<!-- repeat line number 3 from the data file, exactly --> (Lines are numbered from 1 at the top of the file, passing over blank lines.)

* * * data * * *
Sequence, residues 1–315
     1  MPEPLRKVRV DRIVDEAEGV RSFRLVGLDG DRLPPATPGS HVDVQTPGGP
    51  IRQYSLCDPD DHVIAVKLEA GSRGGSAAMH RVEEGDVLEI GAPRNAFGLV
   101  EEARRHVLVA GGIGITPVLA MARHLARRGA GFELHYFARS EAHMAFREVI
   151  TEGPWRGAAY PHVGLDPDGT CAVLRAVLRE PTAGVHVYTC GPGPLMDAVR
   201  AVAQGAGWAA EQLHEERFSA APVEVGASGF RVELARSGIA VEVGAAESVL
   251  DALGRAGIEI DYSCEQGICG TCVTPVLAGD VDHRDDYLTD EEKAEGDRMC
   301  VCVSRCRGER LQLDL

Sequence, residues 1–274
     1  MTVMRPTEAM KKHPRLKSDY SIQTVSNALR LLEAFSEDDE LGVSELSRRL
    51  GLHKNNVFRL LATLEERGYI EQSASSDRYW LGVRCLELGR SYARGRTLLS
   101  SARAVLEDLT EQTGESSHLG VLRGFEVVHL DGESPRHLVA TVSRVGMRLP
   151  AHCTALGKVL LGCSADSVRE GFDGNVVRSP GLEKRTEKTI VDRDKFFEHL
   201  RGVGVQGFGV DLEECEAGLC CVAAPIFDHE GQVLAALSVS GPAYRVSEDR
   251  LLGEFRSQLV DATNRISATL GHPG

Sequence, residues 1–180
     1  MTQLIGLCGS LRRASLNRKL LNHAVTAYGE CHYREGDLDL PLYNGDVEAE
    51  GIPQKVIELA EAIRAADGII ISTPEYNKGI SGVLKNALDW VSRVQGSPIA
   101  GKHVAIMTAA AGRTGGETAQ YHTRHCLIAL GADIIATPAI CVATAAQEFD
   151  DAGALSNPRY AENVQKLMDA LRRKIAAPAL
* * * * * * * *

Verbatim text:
    51  IRQYSLCDPD DHVIAVKLEA GSRGGSAAMH RVEEGDVLEI GAPRNAFGLV